Public health has historically been concerned with eliminating factors associated with disease, disability, and early mortality, whereas leisure studies has emerged from the need to create and manage recreational opportunities and promote leisure activities and experiences. Coincidently, both fields have progressed toward an appreciation of the role of active leisure in enhancing a population’s health and well-being. Factors associated with making choices to be physically active in leisure time are complex and multidimensional. This paper provides historical perspectives from public health and leisure studies (i.e., parks and recreation), describes models used to understand physically active leisure from both fields, and suggests direction for future collaborative research between public health and parks, recreation, and leisure researchers.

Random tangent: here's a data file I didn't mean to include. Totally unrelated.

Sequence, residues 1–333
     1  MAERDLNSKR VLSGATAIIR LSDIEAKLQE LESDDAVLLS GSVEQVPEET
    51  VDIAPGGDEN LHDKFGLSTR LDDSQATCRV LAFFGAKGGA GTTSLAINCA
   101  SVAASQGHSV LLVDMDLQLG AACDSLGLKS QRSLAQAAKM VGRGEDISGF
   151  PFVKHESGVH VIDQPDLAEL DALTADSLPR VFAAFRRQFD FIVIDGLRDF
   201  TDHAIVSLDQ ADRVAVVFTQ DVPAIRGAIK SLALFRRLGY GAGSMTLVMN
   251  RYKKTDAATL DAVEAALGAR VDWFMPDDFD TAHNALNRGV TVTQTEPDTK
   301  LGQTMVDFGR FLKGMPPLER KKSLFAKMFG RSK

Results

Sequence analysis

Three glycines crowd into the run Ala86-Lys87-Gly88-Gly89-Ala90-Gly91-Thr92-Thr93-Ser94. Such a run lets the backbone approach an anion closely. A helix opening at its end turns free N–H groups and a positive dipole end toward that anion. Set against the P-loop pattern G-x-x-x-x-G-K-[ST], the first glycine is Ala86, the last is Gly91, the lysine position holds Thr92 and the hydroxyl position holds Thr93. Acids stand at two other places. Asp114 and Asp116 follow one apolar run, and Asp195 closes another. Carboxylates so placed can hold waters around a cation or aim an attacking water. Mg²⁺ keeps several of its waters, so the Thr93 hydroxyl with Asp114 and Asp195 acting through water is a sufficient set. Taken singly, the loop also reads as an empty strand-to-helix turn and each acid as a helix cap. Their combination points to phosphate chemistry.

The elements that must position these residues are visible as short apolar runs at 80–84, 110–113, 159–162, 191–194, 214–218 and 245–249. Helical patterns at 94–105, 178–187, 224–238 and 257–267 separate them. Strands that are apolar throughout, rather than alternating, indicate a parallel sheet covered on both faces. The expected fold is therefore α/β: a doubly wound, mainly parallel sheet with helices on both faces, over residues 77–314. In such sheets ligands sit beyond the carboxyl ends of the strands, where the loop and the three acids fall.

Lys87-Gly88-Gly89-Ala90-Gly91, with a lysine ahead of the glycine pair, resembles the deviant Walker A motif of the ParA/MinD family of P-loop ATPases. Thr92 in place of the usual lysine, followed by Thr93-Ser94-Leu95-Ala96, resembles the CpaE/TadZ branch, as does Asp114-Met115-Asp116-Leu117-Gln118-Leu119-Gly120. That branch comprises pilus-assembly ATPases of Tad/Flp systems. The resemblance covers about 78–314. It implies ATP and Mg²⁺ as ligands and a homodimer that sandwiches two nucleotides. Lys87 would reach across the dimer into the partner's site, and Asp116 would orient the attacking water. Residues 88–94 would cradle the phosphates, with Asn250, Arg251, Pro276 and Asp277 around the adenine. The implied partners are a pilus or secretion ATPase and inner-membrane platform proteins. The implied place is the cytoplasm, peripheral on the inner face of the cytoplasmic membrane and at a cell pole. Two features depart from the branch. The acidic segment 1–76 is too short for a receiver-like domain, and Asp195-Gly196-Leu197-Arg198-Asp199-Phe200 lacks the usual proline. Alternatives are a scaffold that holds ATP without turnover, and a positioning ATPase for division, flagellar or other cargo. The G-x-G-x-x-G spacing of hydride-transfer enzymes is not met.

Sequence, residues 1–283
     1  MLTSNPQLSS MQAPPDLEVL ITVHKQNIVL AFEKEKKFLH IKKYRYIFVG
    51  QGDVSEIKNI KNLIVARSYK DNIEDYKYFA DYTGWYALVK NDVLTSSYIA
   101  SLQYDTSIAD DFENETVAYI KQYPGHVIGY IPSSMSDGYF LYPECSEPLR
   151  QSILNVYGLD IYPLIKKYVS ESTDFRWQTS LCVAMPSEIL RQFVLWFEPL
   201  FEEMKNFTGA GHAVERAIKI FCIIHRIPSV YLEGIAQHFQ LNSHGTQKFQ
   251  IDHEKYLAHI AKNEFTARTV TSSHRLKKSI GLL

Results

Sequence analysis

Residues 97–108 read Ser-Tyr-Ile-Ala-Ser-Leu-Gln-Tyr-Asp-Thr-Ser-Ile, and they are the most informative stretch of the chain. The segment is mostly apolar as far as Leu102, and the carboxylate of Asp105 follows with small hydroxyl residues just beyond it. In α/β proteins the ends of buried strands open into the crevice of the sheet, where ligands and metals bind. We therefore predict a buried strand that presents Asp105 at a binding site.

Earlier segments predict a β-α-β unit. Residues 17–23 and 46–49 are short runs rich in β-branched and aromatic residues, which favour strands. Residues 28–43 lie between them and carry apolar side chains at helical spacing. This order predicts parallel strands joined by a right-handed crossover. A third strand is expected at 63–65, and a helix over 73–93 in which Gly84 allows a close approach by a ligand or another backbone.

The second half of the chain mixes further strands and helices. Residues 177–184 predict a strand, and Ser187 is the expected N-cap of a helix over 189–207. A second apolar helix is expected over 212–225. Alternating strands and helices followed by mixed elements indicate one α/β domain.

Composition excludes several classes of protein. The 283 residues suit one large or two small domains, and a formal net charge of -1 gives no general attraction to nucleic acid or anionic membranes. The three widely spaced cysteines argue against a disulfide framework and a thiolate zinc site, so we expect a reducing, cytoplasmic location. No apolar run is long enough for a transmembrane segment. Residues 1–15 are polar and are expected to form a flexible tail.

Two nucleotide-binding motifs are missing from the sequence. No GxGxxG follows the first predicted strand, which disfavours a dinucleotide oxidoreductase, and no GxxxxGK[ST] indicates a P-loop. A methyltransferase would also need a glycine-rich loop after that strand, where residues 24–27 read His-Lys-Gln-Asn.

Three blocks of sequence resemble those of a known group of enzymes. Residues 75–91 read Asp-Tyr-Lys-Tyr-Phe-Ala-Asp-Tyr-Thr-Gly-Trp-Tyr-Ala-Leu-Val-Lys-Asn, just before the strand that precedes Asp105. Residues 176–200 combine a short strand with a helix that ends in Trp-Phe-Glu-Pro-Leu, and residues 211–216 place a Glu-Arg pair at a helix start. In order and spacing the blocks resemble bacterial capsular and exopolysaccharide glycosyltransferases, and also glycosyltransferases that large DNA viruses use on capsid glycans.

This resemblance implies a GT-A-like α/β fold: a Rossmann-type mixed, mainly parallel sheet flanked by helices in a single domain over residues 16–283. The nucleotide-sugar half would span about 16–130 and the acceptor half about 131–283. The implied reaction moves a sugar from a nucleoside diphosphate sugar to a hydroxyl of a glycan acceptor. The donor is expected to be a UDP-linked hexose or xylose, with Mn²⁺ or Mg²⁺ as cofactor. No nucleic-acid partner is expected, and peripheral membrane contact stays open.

Ainsworth is with the Dept of Exercise and Wellness, Arizona State University, Mesa, AZ 85212. Mannell is with the Dept of Recreation and Leisure Studies, University of Waterloo, Waterloo, ON, N2L 3G1. Behrens is with the Dept of Health Promotion & Education, University of Utah, Salt Lake City, UT 84112. Caldwell is with the Center for Leisure and Health Research, The Pennsylvania State University, University Park, PA 16802.